Five generations of Grinnell women

September 27, 2021 — Sisters Nancy Welch Barnby ‘61 and Jill Welch ’64 said they never felt under pressure to attend Grinnell College. It was just an expectation that they never questioned.

Lucy Hartley ’25
  When Lucy Hartley ’25 decided to attend Grinnell,
  her great aunt, Nancy Welch Barnby ’61,
  mailed her Nancy’s Honor G sweater.

“When we started thinking about college, there was never a question of where my sister and I would apply,” says Jill Welch ’64. “We slept and ate Grinnell from the time we knew what a college was.” 

Nancy and Jill were part of a third generation of family members to attend Grinnell. With the arrival of Lucy Hartley ’25, Jill’s granddaughter, on campus this fall, there are now five generations of Grinnellians. When her great aunt learned of Lucy’s college choice, she mailed a symbolic gift to her – Nancy’s Honor G sweater.

“When I decided on Grinnell, my grandmother was so excited,” Lucy recalls. “It was the height of the pandemic, so we were on Facetime. I was glad that I got to see the look on her face.” 

At the age of 12, Jill saw Grinnell College for the first time during her mother’s (Janet Wright Welch ’34) 20th reunion. During that reunion, she got a chance to meet several of her mother’s college friends and roommates. 

“My grandparents met there, so we felt very attached to the College,” Nancy explains. “My grandfather always called my grandmother Willie – her name was Hazel Wilson. They were known as quite the pair!” 

Hazel Wilson 1906 married Carl Wright 1905. All four children (Margaret ’32, Janet ’34, Catharine ’38 and Robert) attended Grinnell, although Robert headed off to fight in the war after a brief stint on campus. From this generation, all but one of Jill and Nancy’s aunts and uncles are also Grinnell alumni.

The family lore includes a near-miss to this legacy. As Nancy recounts, “When my grandmother came home for Thanksgiving during her first semester, she told her parents she wasn’t going back to Grinnell. We don’t know the reason why, but her mom insisted Hazel go back so she did. If she hadn’t, we wouldn’t all be here now with this story.”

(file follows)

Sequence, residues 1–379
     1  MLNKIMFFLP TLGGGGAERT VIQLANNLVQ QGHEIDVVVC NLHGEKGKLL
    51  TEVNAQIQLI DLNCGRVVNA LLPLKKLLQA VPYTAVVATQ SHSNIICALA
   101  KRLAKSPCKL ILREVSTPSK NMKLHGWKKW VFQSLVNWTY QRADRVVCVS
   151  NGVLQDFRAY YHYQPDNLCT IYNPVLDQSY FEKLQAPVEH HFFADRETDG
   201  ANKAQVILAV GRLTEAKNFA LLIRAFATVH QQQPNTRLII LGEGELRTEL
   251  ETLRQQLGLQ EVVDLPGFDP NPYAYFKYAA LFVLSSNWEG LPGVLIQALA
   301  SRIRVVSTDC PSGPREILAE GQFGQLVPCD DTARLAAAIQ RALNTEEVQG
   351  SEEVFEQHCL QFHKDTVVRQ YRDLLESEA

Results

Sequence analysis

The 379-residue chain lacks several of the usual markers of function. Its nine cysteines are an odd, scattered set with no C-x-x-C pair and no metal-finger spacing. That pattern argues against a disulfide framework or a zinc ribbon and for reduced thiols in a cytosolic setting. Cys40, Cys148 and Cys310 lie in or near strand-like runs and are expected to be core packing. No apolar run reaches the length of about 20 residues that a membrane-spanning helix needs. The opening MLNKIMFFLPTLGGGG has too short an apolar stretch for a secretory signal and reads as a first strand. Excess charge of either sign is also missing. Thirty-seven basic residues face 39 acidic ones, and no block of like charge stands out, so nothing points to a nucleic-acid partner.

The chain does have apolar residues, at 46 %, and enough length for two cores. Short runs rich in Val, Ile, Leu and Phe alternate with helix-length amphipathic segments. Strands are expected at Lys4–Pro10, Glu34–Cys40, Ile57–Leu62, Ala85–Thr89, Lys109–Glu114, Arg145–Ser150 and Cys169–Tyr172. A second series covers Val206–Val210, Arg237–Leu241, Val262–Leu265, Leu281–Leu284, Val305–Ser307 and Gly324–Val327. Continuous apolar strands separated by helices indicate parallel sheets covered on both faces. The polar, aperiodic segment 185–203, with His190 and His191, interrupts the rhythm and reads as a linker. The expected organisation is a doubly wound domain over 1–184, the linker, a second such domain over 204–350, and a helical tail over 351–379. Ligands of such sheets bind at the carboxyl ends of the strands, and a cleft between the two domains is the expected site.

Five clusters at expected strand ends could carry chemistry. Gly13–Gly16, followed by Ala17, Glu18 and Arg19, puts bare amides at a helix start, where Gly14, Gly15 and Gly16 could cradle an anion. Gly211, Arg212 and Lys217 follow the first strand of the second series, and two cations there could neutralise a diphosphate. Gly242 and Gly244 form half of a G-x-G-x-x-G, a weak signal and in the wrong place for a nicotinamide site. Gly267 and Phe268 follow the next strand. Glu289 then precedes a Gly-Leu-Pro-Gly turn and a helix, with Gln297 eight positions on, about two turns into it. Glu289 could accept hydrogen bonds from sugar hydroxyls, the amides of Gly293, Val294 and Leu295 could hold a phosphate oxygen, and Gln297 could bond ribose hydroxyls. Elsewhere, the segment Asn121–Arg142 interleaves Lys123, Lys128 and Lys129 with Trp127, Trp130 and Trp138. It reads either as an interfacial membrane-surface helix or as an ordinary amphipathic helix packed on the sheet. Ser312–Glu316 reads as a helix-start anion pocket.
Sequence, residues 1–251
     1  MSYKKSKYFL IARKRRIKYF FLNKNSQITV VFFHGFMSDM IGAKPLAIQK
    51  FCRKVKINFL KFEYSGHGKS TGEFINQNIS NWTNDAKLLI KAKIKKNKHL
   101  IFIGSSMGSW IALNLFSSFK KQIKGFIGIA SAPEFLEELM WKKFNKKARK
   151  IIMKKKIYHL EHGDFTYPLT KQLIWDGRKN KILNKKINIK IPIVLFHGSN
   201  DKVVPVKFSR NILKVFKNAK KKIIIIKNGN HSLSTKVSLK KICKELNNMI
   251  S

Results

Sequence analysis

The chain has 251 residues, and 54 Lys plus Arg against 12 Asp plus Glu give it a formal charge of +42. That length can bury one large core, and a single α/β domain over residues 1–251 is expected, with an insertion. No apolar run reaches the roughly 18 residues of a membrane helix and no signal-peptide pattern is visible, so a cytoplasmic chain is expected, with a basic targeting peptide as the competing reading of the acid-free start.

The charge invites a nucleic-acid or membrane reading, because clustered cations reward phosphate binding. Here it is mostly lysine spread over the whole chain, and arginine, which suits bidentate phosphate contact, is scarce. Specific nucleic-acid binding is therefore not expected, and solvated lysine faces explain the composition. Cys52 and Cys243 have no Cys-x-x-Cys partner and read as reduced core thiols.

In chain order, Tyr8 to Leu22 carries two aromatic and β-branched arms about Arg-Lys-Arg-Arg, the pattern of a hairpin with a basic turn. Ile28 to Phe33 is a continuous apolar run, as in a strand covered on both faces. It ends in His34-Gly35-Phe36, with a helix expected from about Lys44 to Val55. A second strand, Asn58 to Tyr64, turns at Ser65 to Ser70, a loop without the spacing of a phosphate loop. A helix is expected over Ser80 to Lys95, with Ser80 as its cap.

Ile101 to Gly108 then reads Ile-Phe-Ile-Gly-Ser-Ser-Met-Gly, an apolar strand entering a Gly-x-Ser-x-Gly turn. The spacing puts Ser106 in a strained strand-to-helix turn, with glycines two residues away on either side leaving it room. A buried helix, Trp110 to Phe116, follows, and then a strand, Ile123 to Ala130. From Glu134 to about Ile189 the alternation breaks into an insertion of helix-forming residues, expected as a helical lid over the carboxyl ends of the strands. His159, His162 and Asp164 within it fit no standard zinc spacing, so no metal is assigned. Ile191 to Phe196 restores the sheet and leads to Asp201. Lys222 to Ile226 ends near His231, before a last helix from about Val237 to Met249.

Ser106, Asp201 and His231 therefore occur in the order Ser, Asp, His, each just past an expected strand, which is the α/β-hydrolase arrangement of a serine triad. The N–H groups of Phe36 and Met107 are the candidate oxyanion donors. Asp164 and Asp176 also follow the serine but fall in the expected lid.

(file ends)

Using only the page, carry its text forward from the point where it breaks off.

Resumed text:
A 1960 family gathering of the Welch family included 15 past, present, and future Grinnell graduates.
A 1960 family gathering included 15 past, present, and future Grinnell graduates. In the back row are Nancy Welch ’61, left, Laura Gleysteen, Lee Gleysteen ’32; Janet Welch ’34, Janet Gleysteen ‘60; Margaret Gleysteen ’33, Glenore Gleysteen ‘69, Mary Gleysteen ‘69, Rod Gleysteen ’34, Meg Gleysteen, and Jill Welch ’64. Sitting are Wayne Welch, left, Grace Gleysteen, Hazel Wilson 1906, Carl Wright 1905, D. Wright 1910, and Helene Wilson. Rod’s kids are pictured standing: Rod Gleysteen Jr. ’72, left, Dirk Gleysteen ’71, and Lee Gleysteen ‘76.

Upon graduation, Nancy taught at Anatolia College in Greece through the Grinnell Travel Service Scholarship. “Grinnell changed my life in a lot of ways. I had this huge adventure just out of college,” she says. Returning two years later, she got her master’s degree in English and pursued a long career in the education field. Jill broke the English major tradition of the Grinnell women preceding her, pursuing biology instead. 

Jill’s daughter, Nell Barker ’99 added the fourth generation of Grinnell women. Jill and Nell have since enjoyed sharing the experience of being at the same Reunion weekend. 

“I’ve gotten to know Nell’s Grinnell friends and see the lasting bond they have that is similar to what I have with my Grinnell friends,” Jill says. 

Over the years, Jill’s group of college friends have visited one another and, most recently, they organized a biweekly Zoom connection formed during the pandemic. Jill’s college friends also wrote letters to Lucy over the summer, and she responded in kind. “I enjoy writing letters, so I was happy to have a reason to do so.” 

Jill Welch ’64, left, and Lucy Hartley ’25
Jill Welch ’64, left, and Lucy Hartley ’25 pose for a photo during Hartley’s high school graduation.

Now Lucy’s campus job is in the mailroom, where she still receives correspondence from her grandmother, great aunt, and their friends. At work, she often thinks about her great aunt’s stories of snail mail. “Phone calls cost too much, so she wouldn’t talk with her parents very often. They relied on letters to keep in touch.” 

Lucy was unable to visit campus prior to enrolling because of the pandemic. She took a leap of faith inspired by a family tradition that has sustained generations, she says. 

— by Melanie Drake ’92

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